Along his musical expedition, Oakes has produced several tracks on his own and has been known to release his songs for free. He has been recording music since he was 15 and used the “advanced technology” over a decade ago, to copy his work.

“I couldn’t tell you how many songs over the years [I have recorded],” Oakes said. “It’s funny, my first record was tracked in my bedroom on a Tascam 4-track recorder onto tape. The artwork was drawn and photocopied at Kinko’s and I made copies on my dad’s tape player one-by-one. A 20-minute recording took 20 minutes to duplicate. And if you had a Side-A and Side-B, then guess what? You had to flip the tape over and record onto that side too. Here I am, 15 years later and not much has changed. I’m still making records out of my bedroom. Thank God for CD burners though!”

The writing and recording process he goes through starts with developing a bass line on his computer or looping a drum pattern.

“[I] come up with a rough idea and build from there. I mix as I go, so by the time I lay the vocal tracks down, the song is pretty much finished. I’m a guitar player. I have a guitar player’s ear. I’m not good at hearing bass lines, drum fills or even key parts. There are a lot of opportunities I feel I miss out on with the music because I’m none of those things. I don’t suggesting recording an album by yourself, unless you’re David Grohl.”

After the tracks are completed, Oakes distributes some of the songs for free. His fans might assume that Let Em’ Riot releases their songs for free because they are passionate about their music, but Oakes states otherwise.

“I’m just not good at convincing someone that my song is worth his or her dollar,” Oakes says. “I make a lousy salesman. Labels are good at that, which is why I believe labels will always be around despite other’s opinions. One thing I will add to any artist thinking of giving their music away for free is, try and get something in return for that free download. Whether it’s an email address, a tweet, or a share on Facebook. Something that will help you stay connected or build your relationship with the listener. These things are the ‘new currency’ in today’s world of free music. I truly believe that.”

Let Em’ Riot has their “The App EP” available for sale, but a portion of the proceeds benefits The Fender Music Foundation.

“I wanted to add a little value to purchasing the recording for those who wanted to support the music,” Oakes said. “The Foundation helps support and preserves music education in the classroom. I have always enjoyed music classes as a kid. I chose this particular foundation mainly because Fender is a well-known name and is based out of Orange County. There are lots of great organizations like it and I wish I could support them all.”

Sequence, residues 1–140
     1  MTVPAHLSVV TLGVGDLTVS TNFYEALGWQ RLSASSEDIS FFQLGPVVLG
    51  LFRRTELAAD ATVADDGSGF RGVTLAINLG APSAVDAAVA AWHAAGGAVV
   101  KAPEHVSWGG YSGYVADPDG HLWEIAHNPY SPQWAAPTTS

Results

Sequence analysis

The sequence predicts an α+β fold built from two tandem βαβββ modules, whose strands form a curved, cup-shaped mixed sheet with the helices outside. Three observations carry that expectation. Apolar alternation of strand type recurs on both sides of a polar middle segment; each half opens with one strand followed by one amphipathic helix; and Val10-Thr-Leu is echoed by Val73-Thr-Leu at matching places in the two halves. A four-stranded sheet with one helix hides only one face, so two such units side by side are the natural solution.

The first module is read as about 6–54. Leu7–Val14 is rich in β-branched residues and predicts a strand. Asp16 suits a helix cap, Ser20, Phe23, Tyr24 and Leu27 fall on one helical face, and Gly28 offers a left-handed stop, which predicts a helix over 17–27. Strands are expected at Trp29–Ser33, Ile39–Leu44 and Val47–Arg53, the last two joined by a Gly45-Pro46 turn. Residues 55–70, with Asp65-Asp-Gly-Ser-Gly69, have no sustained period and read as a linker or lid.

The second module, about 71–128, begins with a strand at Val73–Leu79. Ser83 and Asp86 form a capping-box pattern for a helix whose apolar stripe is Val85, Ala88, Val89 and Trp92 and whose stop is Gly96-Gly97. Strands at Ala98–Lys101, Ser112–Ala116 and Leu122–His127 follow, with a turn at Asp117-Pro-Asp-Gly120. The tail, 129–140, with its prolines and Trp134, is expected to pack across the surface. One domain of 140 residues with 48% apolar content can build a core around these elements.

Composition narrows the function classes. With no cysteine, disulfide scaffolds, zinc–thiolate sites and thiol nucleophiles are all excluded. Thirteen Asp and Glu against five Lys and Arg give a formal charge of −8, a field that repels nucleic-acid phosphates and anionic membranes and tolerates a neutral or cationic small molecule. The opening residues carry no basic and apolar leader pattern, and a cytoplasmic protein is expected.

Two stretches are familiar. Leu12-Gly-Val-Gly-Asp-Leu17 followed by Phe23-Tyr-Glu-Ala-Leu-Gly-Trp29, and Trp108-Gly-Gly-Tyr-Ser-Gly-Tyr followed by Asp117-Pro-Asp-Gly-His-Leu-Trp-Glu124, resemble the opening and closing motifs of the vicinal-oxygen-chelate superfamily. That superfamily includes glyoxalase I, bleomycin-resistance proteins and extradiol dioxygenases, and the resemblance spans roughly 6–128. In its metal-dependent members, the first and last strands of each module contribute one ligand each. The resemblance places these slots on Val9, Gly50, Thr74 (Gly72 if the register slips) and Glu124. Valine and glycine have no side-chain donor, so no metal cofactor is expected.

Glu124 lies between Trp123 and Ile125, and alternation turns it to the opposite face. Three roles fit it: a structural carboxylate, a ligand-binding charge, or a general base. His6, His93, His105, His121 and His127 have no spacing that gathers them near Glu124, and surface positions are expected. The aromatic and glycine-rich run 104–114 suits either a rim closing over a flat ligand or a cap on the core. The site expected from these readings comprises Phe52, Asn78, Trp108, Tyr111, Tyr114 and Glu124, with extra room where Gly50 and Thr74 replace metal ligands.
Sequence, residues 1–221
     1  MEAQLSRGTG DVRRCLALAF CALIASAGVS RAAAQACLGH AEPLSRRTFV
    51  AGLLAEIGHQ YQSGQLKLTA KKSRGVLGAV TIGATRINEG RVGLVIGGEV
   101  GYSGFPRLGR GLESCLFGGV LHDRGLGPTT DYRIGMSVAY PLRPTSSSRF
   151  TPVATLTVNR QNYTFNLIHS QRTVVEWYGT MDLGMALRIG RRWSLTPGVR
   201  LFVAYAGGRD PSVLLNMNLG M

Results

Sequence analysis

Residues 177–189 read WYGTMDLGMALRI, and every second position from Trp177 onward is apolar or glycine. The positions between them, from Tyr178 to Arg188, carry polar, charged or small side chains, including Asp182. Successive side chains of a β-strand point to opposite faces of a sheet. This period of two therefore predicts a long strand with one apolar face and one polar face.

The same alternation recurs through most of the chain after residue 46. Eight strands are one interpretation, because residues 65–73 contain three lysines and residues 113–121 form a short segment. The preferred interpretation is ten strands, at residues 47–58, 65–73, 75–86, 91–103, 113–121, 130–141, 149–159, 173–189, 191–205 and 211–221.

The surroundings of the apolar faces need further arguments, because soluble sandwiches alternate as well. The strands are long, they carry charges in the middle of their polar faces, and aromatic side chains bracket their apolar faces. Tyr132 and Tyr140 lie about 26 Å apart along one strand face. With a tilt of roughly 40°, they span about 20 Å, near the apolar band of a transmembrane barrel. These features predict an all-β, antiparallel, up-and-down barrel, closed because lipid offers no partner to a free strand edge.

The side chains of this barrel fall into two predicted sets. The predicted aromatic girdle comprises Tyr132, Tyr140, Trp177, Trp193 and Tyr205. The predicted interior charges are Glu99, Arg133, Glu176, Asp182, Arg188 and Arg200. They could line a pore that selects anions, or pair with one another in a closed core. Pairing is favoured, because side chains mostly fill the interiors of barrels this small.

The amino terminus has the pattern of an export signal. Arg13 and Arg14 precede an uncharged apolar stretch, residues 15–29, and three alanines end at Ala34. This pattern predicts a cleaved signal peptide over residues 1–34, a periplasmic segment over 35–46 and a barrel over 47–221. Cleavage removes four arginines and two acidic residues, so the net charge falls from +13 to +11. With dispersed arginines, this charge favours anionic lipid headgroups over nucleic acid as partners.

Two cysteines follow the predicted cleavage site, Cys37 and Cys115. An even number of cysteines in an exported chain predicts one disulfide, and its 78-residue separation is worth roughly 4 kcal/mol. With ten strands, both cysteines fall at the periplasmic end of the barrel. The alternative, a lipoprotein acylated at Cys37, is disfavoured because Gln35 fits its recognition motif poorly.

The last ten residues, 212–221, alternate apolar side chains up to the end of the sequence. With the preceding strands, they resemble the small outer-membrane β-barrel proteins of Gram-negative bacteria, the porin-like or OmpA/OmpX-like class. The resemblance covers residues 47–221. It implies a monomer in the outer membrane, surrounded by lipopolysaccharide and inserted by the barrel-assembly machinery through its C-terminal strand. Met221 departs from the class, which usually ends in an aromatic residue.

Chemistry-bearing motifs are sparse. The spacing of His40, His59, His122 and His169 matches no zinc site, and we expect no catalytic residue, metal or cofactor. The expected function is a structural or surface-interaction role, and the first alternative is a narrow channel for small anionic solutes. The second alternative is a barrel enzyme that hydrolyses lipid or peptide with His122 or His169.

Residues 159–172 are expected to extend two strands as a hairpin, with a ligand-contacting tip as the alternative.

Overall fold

Oakes says that his biggest inspiration for his music is music itself.

“When I watch a great live show or listen to an amazing new record, the first thing I want to do it run back home to my computer and start writing,” Oakes said. “It’s the best motivator. Living in Southern California, you never run out of inspiration. There’s such an abundance of new music and new bands. I feel quite fortunate to be in the middle of it all.”

The man behind Let Em’ Riot is very honest with himself – if not, brutally honest. Oakes says the message he is trying to express through his music is that there is not a particular message.”

“I’d like to say that my music is groundbreaking, life-changing and awe-inspiring, but it’s not,” Oakes said. “I’m not trying to lead a generation or anything. I make a terrible leader. I admire those artists who can though. Hell, I’d follow Dave Grohl into battle any day. To me, music is an expression of emotion. A certain feeling or thought. Every note, every lyric is an attempt to convey that.”

Let Em’ Riot’s music is available through online retailers such as iTunes and Rhapsody. Hard copies can be ordered through the websites as well.

“And of course,” Oakes adds, “everyone can download the music for free through”

Article By: Kimberly Gallagher

Emma Loggins Emma Loggins is the Editor in Chief of FanBolt. As an internationally recognized "Geek Girl", Emma updates daily on the latest entertainment news, her opinions on current happenings in the media, screening/filming opportunities, inside scoops and more.  She’s been writing on the world of geekdom and pop culture since 2002 and is also considered to be one of the top Atlanta bloggers and influencers!